Saturday 23 February 2013


In the last few days, Dave (David Cameron, Great Britain's PM), has been busy visiting and courting India, whose economy is the world's tenth largest ( by GDP) and is expected to grow by 7.7 to 7.9 per cent in 2013.  As for Great Britain, today her triple A credit rating has been slashed to just two.

On his tour Dave played cricket with Indian youngsters, met students from a women's college accompanied by  Bollywood heart throb Aamir Khan.  How cool can you get?  He bowed his head at the Jallianwalla Bagh public gardens memorial for the 1919 Amritsar Massacre (when 379 innocent Indians were killed by colonial forces),  paid an hour long visit to the Golden Temple in Amritsar  (with an eye on the Sikh vote in Britain) ..

The British PM shown around the Golden Temple (PA) - from The Daily Telegraph 20  Feb 2013 
.......  but he was also adamant that Britain should not have to return the Koh-i-Noor diamond.  This huge diamond weighing over 21 grams, mounted into the British Crown was confiscated by the British East India Company and given to Queen Victoria in 1877 when she was proclaimed (by the British)  as the Empress of India.  The Indians have been demanding its return to India for a very long time.

It was quite a scene -  the PM of Great Britain ingratiating himself to the Republic of India.  Of course he had an agenda - to enable Britain's financial services to participate in the sub-continent's financial honeypot, to boost the sale of British products like the "superior"  Eurofighter Typhoon Jet instead of the French 126 Dassault Rafale fighter jets and to lure more students from India to study in Britain.  Also in the pipeline was the offer of British know-how to set up a task force to tackle the increasing cyber threat from China and other cyber terrorists.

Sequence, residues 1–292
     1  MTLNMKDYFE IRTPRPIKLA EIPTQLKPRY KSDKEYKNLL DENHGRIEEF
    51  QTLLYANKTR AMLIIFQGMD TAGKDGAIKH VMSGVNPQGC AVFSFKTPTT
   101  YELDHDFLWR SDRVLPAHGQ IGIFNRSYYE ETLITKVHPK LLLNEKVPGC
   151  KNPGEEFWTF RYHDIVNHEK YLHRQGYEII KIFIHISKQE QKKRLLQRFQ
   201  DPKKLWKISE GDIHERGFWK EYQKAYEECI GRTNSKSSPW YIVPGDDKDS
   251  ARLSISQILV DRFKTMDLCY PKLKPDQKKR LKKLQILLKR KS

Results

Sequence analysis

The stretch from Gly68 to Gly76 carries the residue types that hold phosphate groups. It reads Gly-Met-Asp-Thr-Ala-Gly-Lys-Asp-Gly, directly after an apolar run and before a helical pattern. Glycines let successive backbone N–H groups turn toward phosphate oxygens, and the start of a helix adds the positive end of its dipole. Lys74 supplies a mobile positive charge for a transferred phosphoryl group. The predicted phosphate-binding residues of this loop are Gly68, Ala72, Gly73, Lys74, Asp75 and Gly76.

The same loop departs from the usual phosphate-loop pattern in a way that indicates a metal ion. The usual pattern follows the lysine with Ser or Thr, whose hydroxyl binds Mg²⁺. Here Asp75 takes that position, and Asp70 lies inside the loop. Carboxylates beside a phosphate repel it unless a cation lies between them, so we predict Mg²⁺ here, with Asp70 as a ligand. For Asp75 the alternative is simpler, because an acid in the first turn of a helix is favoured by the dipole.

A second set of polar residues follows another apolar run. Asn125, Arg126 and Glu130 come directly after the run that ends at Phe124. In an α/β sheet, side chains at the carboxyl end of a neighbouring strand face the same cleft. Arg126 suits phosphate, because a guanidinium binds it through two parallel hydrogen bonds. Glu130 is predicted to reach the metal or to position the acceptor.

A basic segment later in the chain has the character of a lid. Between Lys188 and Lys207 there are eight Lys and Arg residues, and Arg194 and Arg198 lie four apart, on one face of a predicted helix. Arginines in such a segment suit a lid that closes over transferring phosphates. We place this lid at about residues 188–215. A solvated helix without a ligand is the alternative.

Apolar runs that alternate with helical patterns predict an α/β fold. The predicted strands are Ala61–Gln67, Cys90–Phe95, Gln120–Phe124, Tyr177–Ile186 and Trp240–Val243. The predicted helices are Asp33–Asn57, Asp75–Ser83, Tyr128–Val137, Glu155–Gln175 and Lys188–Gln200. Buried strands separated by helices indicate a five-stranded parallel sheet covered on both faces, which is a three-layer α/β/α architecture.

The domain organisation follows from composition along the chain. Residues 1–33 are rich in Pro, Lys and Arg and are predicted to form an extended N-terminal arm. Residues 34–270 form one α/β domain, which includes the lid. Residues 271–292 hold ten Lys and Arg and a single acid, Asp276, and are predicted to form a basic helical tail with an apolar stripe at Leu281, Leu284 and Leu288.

I reckon Bob ( Robert Clive, the British national hero who according to British Online Archive  "was the leading actor in the political and military events that paved the way ..... for the establishment of the British territorial empire on the Indian sub-continent during the 1750s and 1760s")  must be turning in his grave.
Robert Clive (1725-1774)  first Baron Clive of Plassey
Once upon a long time ago in the mid-1750s,  the ruler of Bengal, Nawab Siraj-ud-Daula, was getting in the way of the British East India Company's ambitions in India.  He was suspected of setting up an alliance with the French.  From 1751  the British and the French had been backing 'rival Indian claimants to the position of Nawab of the Carnatic Coast' - all part of the great game of taking over lucrative trade and territories in the subcontinent.